I studied law in this pleasant village, under one whom I can never cease to respect. He resides here still, an honored, and justly honored citizen. A sore affliction has recently jarred among his heartstrings. May the wound that was inflicted be healed by the affectionate kindness of those that remain to comfort him, and may he find consolation in the memories that come up from the graves of the good, who pass away in the pride and strength of their early manhood.
There are solid men in Bath, too, as well as in Canandaigua. Men who, by their indomitable energy, have risen from comparative poverty to great wealth. Who started in life with only strong hands and stout hearts, but who have mastered fortune. Men who are still in the vigor, the strong time of life, and who can reckon their dollars by hundreds of thousands. The old settlers, the pioneers of Bath, are all gone. Many of them I knew "long ago." The tombstones that stand in the quiet grave-yard, that record their virtues, bear no lying epitaphs, nor lines of bitter irony respecting their worth.
I said I studied law in Bath. Let me relate an anecdote connected with the first suit I ever had the honor of appearing in as counsel. My friend, H. W. ROGERS, now of Buffalo, was my fellow-student then, and he will pardon me for relating the triumphs of the genious of two young men who were seeking distinction under some difficulties. A worthless scamp had been arrested for some misdemeanor—assault and battery, I believe—and being too poor to employ other counsel, applied to my friend ROGERS and myself to defend him, promising to pay us a small fee for assisting him in his trouble.
We readily undertook his defense, promising ourselves no light harvest of reputation from our first effort at forensic eloquence. A jury was summoned, and three magistrates sat in solemn judgment to hear the evidence against our unfortunate client. We had a day to prepare, and the speeches with which we intended to astonish the court, and confound the jury, were profoundly studied and reflected upon. Well, the evidence was closed, and, as was arranged beforehand, I rose to address the jury, and my friend was to follow. I got as far as "Gentlemen of the Jury," and there I stuck, like a pig in the fence. Not another sentence of my great speech could I utter, to save me. At length, in despair, I told the jury, "that as I was to be followed by my elder and abler associate, I would occupy no more of their time," and sat down in perfect confusion and shame. Friend Rogers then rose to deliver his maiden speech. He, too, got as far as "Gentlemen of the Jury," and there he stuck, as I had done before him. There was no use in trying to go on. The great speech was gone, not a word of it could he catch, not a sentence could he bring to mind. He was in a hopeless dilemma, but he extricated himself by saying to the jury that "the case had been so ably summed up by the counsel that had preceded him, that he felt it unnecessary to add a word to the argument," and he sat down with the big drops standing on his forehead. We were laughed at some, by those who gathered to hear our maiden efforts. The best of the joke was, that friend HARRY was several years in finding out that he had perpetrated a good thing at my expense.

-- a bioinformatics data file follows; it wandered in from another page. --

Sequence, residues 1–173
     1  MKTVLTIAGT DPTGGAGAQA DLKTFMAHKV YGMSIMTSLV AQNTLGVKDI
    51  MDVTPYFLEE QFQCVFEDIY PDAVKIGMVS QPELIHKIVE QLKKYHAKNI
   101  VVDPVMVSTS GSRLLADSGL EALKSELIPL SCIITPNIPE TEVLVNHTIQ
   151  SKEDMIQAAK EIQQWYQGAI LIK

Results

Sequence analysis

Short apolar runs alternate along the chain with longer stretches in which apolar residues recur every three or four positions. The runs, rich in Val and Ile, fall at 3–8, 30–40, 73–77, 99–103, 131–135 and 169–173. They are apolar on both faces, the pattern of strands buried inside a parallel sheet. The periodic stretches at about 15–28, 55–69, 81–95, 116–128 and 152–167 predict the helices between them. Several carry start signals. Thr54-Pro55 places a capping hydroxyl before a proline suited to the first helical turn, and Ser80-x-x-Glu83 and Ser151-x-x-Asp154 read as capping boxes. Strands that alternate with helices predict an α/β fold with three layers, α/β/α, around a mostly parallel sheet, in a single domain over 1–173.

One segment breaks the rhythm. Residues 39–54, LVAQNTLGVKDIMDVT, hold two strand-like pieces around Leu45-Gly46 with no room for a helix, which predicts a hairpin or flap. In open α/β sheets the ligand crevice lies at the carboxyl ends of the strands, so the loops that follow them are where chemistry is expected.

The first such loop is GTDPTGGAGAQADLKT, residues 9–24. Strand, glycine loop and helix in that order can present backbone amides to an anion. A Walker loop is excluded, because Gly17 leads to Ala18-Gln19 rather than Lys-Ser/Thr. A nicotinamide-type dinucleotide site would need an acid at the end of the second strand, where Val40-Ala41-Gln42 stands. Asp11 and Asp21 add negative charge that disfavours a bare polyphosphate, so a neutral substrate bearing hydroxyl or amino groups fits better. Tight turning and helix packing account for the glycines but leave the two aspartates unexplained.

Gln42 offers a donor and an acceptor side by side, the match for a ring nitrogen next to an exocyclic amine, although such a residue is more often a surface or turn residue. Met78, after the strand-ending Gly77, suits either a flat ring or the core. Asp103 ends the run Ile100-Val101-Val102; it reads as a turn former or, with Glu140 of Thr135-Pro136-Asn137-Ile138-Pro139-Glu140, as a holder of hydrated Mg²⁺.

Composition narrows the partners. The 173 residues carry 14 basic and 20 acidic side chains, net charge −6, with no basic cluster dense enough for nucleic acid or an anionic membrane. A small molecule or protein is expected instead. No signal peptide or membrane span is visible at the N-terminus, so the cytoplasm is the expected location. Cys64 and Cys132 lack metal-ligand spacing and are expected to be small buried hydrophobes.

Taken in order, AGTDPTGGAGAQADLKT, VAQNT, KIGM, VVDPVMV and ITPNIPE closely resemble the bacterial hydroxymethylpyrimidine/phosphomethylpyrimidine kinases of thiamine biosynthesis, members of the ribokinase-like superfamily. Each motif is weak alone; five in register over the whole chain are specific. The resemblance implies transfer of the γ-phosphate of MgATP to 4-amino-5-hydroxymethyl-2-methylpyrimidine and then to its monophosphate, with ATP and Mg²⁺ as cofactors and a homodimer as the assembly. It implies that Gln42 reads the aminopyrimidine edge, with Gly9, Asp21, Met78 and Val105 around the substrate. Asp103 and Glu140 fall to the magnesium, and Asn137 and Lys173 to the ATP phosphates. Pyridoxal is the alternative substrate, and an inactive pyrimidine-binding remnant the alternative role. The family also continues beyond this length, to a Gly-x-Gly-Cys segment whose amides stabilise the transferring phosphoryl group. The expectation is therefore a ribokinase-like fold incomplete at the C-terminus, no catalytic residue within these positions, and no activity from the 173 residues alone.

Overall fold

There were formerly many excellent trout streams around Bath. Spalding's run, Neal's creek, the Campbelltown creek, the Michigan creek, the Twelve-mile creek, and Townsend's run, and many other pleasant streams that came down from the hills were famous in their day. That was before sawmills and high dams, and the other utilitarian devices of civilization poisoned the waters, or the multitude of anglers had destroyed their speckled inhabitants. Just below Bath, within a mile of the village, is Lake Salubria, a beautiful little sheet of water of some two or three hundred acres. It has neither inlet nor outlet above ground, but its waters are clear and pure. I was one of three or four that "long ago" put a hundred or more brook trout that we caught in the Townsend run with a net, alive into this lake. I remember the day well. We rigged a half hogshead with water on a lumber wagon and started for the run. We waded around in the water, and punching with long poles under the old logs and caverned banks, and having secured over a hundred, started for home. The heavens gathered blackness, and one of the severest storms I have ever known overtook us. My Panama hat hung like an elephant's ears about my shoulders, and my very boots were filled with the drenching rain. We persevered, notwithstanding the storm, and got our hundred trout, all alive and active, into Lake Salubria. They did not, however, multiply as we hoped they would. For years one would hear occasionally of a great trout being caught in the lake, till at last they were all gone. They lacked the ripples and the running water. They lived to be old, and then died without progeny, "making no sign."